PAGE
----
An emblematic image of the Beirut blast disaster shows the heritage building of one of the city’s best-known residents, world-renowned fashion designer Elie Saab, now in ruins.
“Thank God everyone is OK,” Saab told his team on his first visit to the house almost two weeks after the blast, as he picked his way through glass around a damaged marble-top table.
One of Lebanon’s most famous exports, Saab has dressed British royal Kate Middleton among a host of A-list celebrities, his gowns gracing numerous red carpets on the likes of Halle Berry and Helen Mirren.
His elegant home overlooking the main street of Beirut’s trendy Gemmayzeh district was frequented by celebrities from Lebanon and abroad.
Now, marble columns lie in pieces. Windows and a balcony have been smashed. A chandelier has been reduced to chunks of glass hanging limply from a tangle of wire.
The house, like the whole area, was gutted by the massive August 4 explosion that authorities have said was caused by a huge stock of ammonium nitrate stored at the nearby port.
The blast disfigured huge swathes of the capital, killed 177 people and injured 6,500 more.
It ripped open the face of Saab’s carefully renovated early 20th-century home, exposing one of the few examples of traditional Lebanese architecture left in the city after the 1975-1990 civil war.
“This place was alive,” Saab’s long-time assistant Johnny Zeinoun told AFP.
“To see it like this…” he trailed off, looking at the destruction around him.
Few people were in the house at the moment of the explosion, Zeinoun said as he showed a video of the main hall just after the blast, jagged glass hanging from antique Damascene mother-of-pearl-inlaid mirrors.
The first thing Saab asked was if anyone was hurt, Zeinoun recalled. “He said, ‘I don’t want to hear that there’s any blood’.”
Saab acquired the house in 2006 and renovated it with Venezuela-born, Beirut-based architect Chakib Richani.
“Saab wanted to protect the architectural identity and construction of the house,” with its traditional-style arched windows and high ceilings, said fashion journalist Ali Jaffal, who works with the designer.
Pictures published by Architectural Digest in 2009 showed the graceful, airy central hall partitioned by marble columns framing tall triptych windows and warmed by the light of Ottoman-era chandeliers.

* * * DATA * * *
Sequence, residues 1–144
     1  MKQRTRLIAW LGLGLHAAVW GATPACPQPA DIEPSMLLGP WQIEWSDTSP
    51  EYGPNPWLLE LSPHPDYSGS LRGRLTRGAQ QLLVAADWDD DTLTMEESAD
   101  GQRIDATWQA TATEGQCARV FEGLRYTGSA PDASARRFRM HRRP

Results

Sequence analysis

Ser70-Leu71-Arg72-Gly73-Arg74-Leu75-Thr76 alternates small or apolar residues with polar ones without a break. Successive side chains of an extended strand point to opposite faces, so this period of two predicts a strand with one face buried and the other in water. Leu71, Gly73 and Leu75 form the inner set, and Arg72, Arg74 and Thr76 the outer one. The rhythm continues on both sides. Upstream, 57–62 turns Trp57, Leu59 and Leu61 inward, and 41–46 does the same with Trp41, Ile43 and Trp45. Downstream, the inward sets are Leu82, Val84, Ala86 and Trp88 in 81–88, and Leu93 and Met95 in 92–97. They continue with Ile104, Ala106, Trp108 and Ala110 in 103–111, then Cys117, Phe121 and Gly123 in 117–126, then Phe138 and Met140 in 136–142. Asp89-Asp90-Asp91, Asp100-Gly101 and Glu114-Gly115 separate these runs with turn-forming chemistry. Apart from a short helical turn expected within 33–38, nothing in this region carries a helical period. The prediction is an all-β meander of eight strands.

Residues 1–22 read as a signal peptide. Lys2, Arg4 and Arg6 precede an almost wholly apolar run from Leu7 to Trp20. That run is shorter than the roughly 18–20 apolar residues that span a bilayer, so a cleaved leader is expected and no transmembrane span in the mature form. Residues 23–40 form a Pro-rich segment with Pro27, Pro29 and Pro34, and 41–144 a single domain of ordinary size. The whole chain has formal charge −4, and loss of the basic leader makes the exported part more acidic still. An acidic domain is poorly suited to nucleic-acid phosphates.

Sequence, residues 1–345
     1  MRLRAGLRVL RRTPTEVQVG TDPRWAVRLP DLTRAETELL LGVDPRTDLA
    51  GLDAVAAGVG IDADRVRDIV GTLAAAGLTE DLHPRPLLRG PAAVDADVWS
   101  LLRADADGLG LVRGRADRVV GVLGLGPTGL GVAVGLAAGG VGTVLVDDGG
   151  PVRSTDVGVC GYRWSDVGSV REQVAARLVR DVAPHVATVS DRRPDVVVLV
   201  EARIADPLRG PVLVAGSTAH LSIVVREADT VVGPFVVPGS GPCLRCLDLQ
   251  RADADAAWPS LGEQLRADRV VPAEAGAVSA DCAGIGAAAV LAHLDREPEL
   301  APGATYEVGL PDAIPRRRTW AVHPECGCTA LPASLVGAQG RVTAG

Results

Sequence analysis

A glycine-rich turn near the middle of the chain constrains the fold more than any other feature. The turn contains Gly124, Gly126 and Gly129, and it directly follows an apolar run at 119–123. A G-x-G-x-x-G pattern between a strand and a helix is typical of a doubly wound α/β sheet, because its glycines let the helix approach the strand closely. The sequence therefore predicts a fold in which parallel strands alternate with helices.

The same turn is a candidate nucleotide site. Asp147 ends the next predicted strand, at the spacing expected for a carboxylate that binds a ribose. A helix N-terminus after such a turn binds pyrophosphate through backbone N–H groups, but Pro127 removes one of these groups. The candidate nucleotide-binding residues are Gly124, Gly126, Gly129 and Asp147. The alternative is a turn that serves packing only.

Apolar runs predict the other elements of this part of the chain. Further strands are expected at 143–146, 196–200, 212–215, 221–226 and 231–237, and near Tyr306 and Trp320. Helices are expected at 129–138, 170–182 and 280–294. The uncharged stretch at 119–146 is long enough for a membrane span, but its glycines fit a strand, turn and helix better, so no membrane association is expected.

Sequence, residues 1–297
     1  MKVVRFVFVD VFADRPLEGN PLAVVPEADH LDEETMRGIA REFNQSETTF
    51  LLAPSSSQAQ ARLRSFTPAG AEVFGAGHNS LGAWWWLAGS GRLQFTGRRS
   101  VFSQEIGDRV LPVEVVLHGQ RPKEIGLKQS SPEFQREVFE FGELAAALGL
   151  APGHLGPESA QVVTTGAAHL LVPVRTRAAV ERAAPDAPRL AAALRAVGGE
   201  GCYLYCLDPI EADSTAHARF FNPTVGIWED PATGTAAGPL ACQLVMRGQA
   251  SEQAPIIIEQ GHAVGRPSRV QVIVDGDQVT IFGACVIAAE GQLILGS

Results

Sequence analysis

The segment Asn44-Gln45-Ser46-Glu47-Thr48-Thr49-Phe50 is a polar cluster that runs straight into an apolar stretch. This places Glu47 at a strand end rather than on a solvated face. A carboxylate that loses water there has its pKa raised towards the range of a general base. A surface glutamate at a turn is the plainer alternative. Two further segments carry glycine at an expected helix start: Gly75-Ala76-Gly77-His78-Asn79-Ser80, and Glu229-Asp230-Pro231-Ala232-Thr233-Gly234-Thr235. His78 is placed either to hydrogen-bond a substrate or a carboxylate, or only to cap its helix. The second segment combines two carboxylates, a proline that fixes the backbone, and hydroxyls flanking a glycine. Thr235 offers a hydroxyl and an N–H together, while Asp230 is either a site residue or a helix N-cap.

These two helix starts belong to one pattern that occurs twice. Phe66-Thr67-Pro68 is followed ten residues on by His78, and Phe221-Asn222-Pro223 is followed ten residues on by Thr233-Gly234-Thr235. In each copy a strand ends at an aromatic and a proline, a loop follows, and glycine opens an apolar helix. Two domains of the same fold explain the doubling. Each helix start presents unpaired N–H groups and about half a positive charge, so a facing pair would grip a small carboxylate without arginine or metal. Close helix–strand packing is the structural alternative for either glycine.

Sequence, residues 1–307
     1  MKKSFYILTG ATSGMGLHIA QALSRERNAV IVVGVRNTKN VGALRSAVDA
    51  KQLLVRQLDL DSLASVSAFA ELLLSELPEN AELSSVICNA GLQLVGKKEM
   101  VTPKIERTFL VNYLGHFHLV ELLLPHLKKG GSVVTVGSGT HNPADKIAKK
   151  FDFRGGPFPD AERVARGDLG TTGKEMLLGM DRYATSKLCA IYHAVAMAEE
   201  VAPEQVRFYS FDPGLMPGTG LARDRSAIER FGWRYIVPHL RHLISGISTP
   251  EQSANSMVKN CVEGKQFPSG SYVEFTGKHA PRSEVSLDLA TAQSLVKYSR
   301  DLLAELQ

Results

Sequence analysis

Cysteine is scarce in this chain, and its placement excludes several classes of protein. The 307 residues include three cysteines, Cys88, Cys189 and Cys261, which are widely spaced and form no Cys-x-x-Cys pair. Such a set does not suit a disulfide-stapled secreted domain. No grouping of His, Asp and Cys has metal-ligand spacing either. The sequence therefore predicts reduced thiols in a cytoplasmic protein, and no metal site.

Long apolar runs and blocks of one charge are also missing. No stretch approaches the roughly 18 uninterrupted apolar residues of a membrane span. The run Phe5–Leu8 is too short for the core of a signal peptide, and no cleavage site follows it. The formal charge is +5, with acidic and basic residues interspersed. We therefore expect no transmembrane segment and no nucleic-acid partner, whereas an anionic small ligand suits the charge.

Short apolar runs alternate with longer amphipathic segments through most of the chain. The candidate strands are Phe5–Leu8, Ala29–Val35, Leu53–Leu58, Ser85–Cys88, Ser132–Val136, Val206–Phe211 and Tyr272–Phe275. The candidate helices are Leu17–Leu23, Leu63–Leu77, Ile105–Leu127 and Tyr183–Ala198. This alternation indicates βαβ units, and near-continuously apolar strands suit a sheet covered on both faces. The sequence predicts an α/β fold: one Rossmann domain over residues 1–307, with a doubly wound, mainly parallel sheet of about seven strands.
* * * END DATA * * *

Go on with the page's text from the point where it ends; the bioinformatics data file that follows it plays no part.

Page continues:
Now, it is a scene of destruction. Through a gaping hole, wrecked homes can be seen across the street, their blown-out windows and doors leaving them equally exposed.
Several of the neighbourhoods hardest hit by the blast, including Gemmayzeh, housed art galleries and boutiques, along with hip bars and restaurants.
Their destruction dealt a devastating blow to a creative sector already beleaguered by Lebanon’s worst economic crisis since the civil war.
Saab was not the only big name in Lebanese fashion to have a home or business badly damaged.
The headquarters of designer Zuhair Murad, just a stone’s throw from the port, were devastated in the blast.
Images shared on social media show detritus spilling out of once-glittering display windows, and lettering hanging loose from the building’s facade.
“The efforts of years went in a moment,” Murad wrote on Instagram.
And just down the road from Saab’s home is the flagship atelier of designer Rabih Kayrouz, housed in the 19th-century Dagher Palace.
Kayrouz, who has dressed stars such as Celine Dion and Jada Pinkett Smith, posted pictures of the damage, showing chunks of the red-tiled roof blasted off.
“We are leaving… this beautiful lady to recover,” Kayrouz wrote on Instagram. “We will be back soon.”
But despite the damage piling more hardship on top of the coronavirus pandemic and the economic crisis that has fuelled angry anti-government protests, Zeinoun said Saab was committed to rebuilding.
“The main goal of Mr. Saab is to reconstruct,” he said.
“‘We started once, we can start again’,” Saab told him.